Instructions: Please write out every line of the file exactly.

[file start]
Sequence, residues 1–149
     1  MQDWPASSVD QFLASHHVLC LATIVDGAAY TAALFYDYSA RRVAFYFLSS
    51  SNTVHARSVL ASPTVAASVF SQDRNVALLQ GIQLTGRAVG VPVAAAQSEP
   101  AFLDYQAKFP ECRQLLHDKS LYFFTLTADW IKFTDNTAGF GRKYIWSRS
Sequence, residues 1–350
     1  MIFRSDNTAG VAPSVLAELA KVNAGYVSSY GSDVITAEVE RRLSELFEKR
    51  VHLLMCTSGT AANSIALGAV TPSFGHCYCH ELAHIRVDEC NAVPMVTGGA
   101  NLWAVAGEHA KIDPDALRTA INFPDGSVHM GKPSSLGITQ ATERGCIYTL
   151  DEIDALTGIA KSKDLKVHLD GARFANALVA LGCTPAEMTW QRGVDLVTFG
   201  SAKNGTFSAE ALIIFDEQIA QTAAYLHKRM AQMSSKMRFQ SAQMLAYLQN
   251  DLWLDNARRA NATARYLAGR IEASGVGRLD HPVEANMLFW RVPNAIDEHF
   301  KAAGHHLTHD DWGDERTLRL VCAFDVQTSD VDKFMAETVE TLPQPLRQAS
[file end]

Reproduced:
Sequence, residues 1–149
     1  MQDWPASSVD QFLASHHVLC LATIVDGAAY TAALFYDYSA RRVAFYFLSS
    51  SNTVHARSVL ASPTVAASVF SQDRNVALLQ GIQLTGRAVG VPVAAAQSEP
   101  AFLDYQAKFP ECRQLLHDKS LYFFTLTADW IKFTDNTAGF GRKYIWSRS
Sequence, residues 1–350
     1  MIFRSDNTAG VAPSVLAELA KVNAGYVSSY GSDVITAEVE RRLSELFEKR
    51  VHLLMCTSGT AANSIALGAV TPSFGHCYCH ELAHIRVDEC NAVPMVTGGA
   101  NLWAVAGEHA KIDPDALRTA INFPDGSVHM GKPSSLGITQ ATERGCIYTL
   151  DEIDALTGIA KSKDLKVHLD GARFANALVA LGCTPAEMTW QRGVDLVTFG
   201  SAKNGTFSAE ALIIFDEQIA QTAAYLHKRM AQMSSKMRFQ SAQMLAYLQN
   251  DLWLDNARRA NATARYLAGR IEASGVGRLD HPVEANMLFW RVPNAIDEHF
   301  KAAGHHLTHD DWGDERTLRL VCAFDVQTSD VDKFMAETVE TLPQPLRQAS